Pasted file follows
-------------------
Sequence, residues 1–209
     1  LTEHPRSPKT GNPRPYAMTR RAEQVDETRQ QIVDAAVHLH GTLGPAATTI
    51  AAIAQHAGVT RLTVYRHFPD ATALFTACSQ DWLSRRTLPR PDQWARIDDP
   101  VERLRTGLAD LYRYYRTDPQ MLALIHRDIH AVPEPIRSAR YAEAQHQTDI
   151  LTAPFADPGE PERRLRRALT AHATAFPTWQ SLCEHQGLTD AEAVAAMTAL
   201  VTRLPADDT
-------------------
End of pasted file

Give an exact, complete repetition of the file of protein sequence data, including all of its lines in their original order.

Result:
Sequence, residues 1–209
     1  LTEHPRSPKT GNPRPYAMTR RAEQVDETRQ QIVDAAVHLH GTLGPAATTI
    51  AAIAQHAGVT RLTVYRHFPD ATALFTACSQ DWLSRRTLPR PDQWARIDDP
   101  VERLRTGLAD LYRYYRTDPQ MLALIHRDIH AVPEPIRSAR YAEAQHQTDI
   151  LTAPFADPGE PERRLRRALT AHATAFPTWQ SLCEHQGLTD AEAVAAMTAL
   201  VTRLPADDT